Tuesday, 10 February 2015

Near the Knuckle [2]

Toys for the Boys?
As regular blog readers will know, fbb has returned to his childhood and started to build a very small model railway in the minimalistic back yard at Seaton Towers.
But model railway magazines and exhibitions can be profoundly depressing. The standard is so high. Of course, using computers, "photoshop" techniques and multiple exposures tacked together, you can always make something look good. This one has had sky and smoke added:-
But the detail in the "N" gauge layout below is remarkable, considering that the gauge (distance between the rails) is just 9 millimetres (a little over ½ inch in old money):-
And his narrow gauge model is just exquisite ...
... complete with scale slate fence so typical of the "Little Trains of Wales".

Faced with such skill, fbb might well give up and try cross-stitch instead; but would probably make a mess of that as well. In amongst all these lovely layouts at Stafford was one much more to fbb's liking. 
It was called "Hogsmead on Sodor" and was based very loosely on Rev Awdry's books and characters. Still looks good, though.

So correspondent Alan arrived at Stafford station and took the specially arranged bus link to the Exhibition venue.
"A logical outward journey would be with one change at Rugby followed by a ride on a big yellow bus to and from the show which is held at the county showground at Hopton. Research suggests Arriva route 825 from Stafford to Lichfield goes there as well."

The Leyland Atlantean bus (AEL 170B) was kept by Bournemouth Transport as part of a heritage collection until the bus industry was deregulated and the buses moved out of their Mallard Road depot. It now belongs to the West of England Transport Collection but is on long-term loan to the Potteries Omnibus Preservation Society, which wanted it because it is identical – in everything but its livery – to buses used in the Stoke-on-Trent area.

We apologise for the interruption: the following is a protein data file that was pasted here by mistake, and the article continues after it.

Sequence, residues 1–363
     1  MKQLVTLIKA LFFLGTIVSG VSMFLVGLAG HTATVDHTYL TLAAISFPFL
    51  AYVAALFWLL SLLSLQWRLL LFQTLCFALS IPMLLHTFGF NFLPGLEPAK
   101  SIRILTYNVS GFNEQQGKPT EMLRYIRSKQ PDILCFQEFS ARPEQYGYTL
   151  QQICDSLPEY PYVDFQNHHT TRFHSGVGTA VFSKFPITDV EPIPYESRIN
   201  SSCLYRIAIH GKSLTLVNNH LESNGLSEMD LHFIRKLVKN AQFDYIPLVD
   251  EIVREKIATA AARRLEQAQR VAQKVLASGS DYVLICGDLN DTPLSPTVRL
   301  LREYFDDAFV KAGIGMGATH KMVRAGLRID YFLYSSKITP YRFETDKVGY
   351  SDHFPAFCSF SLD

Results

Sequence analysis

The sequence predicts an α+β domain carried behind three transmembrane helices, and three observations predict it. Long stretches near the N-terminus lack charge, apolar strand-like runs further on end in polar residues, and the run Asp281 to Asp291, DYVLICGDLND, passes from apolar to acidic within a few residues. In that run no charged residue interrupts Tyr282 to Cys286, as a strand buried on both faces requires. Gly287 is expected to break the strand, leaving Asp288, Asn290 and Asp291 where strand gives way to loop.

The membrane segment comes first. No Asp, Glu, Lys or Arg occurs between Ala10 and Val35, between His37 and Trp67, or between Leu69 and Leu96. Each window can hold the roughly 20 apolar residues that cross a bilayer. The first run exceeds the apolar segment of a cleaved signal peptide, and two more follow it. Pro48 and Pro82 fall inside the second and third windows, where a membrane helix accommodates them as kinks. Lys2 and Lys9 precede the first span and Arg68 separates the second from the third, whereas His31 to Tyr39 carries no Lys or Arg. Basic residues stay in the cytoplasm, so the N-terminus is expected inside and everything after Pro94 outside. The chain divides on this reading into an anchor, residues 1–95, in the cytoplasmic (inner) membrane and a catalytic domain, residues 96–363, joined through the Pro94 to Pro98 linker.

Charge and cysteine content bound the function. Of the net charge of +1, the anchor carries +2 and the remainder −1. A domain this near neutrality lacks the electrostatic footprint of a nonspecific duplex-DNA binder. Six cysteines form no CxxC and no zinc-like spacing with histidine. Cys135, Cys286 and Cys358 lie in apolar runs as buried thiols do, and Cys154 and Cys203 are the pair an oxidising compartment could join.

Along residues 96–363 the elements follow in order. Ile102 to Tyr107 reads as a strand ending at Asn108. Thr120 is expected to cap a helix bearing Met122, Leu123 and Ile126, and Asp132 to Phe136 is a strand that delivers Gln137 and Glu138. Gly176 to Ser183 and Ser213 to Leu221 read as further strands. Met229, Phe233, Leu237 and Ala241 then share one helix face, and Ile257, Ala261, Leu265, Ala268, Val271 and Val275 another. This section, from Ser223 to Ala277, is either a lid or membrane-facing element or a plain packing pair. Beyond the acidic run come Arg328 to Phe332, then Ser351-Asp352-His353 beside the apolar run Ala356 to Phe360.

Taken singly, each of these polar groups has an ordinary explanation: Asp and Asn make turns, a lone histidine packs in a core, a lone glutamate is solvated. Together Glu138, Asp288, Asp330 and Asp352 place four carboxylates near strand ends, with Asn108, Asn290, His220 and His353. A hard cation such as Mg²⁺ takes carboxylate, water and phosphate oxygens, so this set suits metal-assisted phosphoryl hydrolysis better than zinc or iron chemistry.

Alan is right, Arriva's 825 does the same thing ...
... every half hour from outside the station to the Showground.
But fbb guesses that the big yellow bus took you closed to the Exhibition Hall rather than dumping you at the entrance to the extensive site.
Indeed it looks as if Alan's big yellow bus picture is taken outside the halls. There's not a lot of greenery at Stafford station!

Alan reports that the exhibition was, indeed, very impressive; and armed with his bargain Ranger ticket he decided to take an alternative route back. This would take him on a bit of re-opened West Midlands Railway.

Stafford railway station, seen here in the "good old days" with the once-splendid Station Hotel ...
... was rebuilt in 1962 as part of the Grand Design for elecrifying the main lines to Manchester and Liverpool. Is the result an improvement? Somehow both modern buildings (car showroom replacing the demolished hotel in 1972) lack anything that might be called "character".
There is a certain irony about a hotel designed to accommodate wealthy rail travellers being replaced with a glassy barn selling expensive motors!

Upon opening, the station caff was located on the footbridge ...
... with superb views of electric trains zooming past below. Alas, today, the Pumpkin is located prosaically in the main ground floor building.
Whoops, wrong picture!
Alan's Ranger tale continues tomorrow.

 Next rail blog : Wednesday 11th February 

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